LG Display bolts curved OLED TVs to motorized throne, exercise bike at CES 2022

Neither is a real product yet, but they sure look cool.

David Katzmaier Editorial Director -- Personal Tech
David reviews TVs and leads the Personal Tech team at CNET, covering mobile, software, computing, streaming and home entertainment. We provide helpful, expert reviews, advice and videos on what gadget or service to buy and how to get the most out of it.
Expertise A 20-year CNET veteran, David has been reviewing TVs since the days of CRT, rear-projection and plasma. Prior to CNET he worked at Sound & Vision magazine and eTown.com. He is known to two people on Twitter as the Cormac McCarthy of consumer electronics. Credentials
  • Although still awaiting his Oscar for Best Picture Reviewer, David does hold certifications from the Imaging Science Foundation and the National Institutes of Standards and Technology on display calibration and evaluation.
David Katzmaier
2 min read

The chair puts a 55-inch OLED TV at the optimal viewing distance.

LG Display

CES 2022 has quickly unraveled as an in-person event with numerous companies canceling in-person attendance in Las Vegas. But the show will go on in virtual form. And no company has a stronger CES track record of futuristic concept technology than LG Display. 

The company best known as the world's only source (for now) of big OLED TV panels made a few announcements for the CES season and the most impressive-looking is basically a big chair with a screen attached.

Watch this: The throne of awesome: 55-inch curved OLED TV meets massive recliner

LGD is calling the concept "media chair." It consists of a thronelike seat ensconced in an arc that allows it to tilt back, but the coolest feature is the screen. A fixed arm mounts a 55-inch, curved OLED screen at a distance of 1.5 meters (about 5 feet) from the face of the viewer in the chair, which LGD says is the optimal viewing distance.

The screen is curved and a motor in the mount allows it to be turned from a standard horizontal (landscape) orientation to a vertical (portrait) mode, a bit like the Samsung Sero TV. The chair itself is no slouch either, with an integrated 5.1 channel sound system -- speakers are in the display itself as well as the headrest and a subwoofer in the base -- and a pair of LCD touch panels in the armrest for control.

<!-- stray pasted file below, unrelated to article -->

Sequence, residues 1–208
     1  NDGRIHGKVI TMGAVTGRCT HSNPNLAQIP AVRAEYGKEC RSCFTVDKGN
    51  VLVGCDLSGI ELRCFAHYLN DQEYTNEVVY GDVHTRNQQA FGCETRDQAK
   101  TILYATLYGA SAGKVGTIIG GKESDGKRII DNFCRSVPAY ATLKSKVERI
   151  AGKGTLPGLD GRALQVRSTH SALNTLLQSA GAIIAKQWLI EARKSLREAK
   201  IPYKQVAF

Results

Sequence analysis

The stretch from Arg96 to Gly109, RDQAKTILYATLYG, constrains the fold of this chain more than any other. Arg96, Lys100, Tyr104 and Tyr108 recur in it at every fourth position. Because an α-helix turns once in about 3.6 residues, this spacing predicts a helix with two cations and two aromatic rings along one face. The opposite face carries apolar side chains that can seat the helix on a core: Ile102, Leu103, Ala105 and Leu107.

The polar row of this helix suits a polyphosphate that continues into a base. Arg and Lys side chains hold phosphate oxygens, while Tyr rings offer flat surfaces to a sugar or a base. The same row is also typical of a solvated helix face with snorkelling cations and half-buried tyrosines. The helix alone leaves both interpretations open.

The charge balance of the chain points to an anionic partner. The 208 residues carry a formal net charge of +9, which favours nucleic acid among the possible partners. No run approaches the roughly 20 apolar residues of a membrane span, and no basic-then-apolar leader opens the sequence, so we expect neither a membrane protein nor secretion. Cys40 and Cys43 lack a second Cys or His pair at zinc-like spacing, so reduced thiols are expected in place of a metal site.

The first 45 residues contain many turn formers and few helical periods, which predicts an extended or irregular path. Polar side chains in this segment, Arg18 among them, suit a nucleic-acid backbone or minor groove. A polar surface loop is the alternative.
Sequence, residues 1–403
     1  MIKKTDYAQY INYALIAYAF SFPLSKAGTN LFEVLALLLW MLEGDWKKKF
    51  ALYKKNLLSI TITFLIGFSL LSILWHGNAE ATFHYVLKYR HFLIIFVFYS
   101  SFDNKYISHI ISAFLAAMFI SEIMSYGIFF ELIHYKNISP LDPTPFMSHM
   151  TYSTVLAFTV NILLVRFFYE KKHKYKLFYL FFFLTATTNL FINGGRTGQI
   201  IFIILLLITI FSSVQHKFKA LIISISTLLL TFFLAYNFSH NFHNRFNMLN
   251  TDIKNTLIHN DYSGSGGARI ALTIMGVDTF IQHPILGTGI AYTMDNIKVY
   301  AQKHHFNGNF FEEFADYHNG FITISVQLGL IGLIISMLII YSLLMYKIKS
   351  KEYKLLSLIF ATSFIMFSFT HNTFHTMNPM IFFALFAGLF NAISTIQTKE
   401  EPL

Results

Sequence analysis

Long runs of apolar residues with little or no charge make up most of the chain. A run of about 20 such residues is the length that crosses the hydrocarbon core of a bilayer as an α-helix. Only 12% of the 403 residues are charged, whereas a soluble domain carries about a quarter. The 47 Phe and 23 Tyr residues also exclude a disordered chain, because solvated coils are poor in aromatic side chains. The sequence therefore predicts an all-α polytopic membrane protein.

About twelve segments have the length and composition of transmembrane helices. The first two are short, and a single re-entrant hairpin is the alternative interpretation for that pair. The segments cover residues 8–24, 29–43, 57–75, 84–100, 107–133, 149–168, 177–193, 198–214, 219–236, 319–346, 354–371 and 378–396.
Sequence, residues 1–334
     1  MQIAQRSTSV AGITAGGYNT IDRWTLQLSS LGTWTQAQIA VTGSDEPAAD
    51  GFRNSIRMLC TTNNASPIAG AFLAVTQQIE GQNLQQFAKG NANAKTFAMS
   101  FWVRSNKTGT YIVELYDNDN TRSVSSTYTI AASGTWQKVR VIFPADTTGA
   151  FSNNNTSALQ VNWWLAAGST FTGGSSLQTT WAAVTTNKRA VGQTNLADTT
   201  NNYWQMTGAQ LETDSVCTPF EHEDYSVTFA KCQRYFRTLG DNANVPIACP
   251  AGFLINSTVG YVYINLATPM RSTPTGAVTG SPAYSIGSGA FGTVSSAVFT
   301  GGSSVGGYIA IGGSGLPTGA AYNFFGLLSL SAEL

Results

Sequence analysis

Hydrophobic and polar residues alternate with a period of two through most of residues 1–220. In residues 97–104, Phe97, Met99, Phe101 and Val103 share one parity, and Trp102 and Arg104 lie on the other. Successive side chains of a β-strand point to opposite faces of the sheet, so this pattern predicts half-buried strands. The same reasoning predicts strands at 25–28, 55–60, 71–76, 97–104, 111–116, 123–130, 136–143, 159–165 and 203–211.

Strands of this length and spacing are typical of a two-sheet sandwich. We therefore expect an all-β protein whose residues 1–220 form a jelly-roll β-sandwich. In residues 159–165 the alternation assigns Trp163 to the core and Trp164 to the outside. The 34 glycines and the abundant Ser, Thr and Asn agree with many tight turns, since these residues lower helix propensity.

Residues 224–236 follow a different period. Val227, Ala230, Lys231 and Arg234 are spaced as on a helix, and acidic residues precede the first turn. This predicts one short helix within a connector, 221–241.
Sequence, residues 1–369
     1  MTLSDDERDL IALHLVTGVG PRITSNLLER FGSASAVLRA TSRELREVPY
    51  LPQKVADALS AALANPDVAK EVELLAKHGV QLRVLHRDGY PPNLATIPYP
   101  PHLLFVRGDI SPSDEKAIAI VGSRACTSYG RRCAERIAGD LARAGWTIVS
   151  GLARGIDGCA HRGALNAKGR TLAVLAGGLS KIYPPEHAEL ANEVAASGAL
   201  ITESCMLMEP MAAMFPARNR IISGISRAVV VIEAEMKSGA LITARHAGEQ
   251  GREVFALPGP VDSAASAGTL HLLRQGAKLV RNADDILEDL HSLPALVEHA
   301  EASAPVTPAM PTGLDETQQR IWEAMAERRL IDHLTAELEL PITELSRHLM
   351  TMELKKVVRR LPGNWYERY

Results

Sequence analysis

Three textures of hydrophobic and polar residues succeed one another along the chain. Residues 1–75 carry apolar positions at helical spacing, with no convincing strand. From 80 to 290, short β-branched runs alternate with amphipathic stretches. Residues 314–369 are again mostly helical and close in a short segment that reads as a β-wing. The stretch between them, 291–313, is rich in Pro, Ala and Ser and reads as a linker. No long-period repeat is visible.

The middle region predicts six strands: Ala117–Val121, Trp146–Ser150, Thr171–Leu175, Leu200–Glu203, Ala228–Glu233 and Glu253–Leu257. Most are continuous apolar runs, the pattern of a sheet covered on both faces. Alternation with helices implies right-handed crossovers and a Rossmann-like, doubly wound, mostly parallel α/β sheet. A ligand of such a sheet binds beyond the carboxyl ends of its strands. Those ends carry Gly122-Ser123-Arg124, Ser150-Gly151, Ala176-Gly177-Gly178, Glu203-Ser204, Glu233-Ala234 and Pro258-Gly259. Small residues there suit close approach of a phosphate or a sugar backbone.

LG Display's "virtual ride" gives this cyclist a bucolic tour.

LG Display

The company also debuted a second concept featuring curved, flexible OLED panels, dubbed "virtual ride." It's a stationary exercise bike facing a vertically oriented OLED display designed to surround the rider with a kind of virtual world -- think Peloton with a much, much bigger and better screen. The screen consists of three 55-inch OLEDs that curve in front and above the rider, whom LG says can cycle through virtual forests, cities or other environments while tracking miles ridden, heart rate and more.

As a manufacturer that makes OLED and LCD screens to supply them to other companies, including LG Electronics, Sony and Vizio, as well as commercial customers like malls and museums, LG Display isn't showing off actual products that will exist in the real world. Instead, these are strictly concepts designed to demonstrate possible uses. 

LGD representatives told CNET that the company is working with a Korean massage chair manufacturer on something similar to the media chair, and that it would make sense in something like a VIP airport lounge, but I'd be surprised if it, or the exercise bike, became something you could buy this year. On the other hand, some of the company's weirdest concepts have gone on to become real products, so who knows?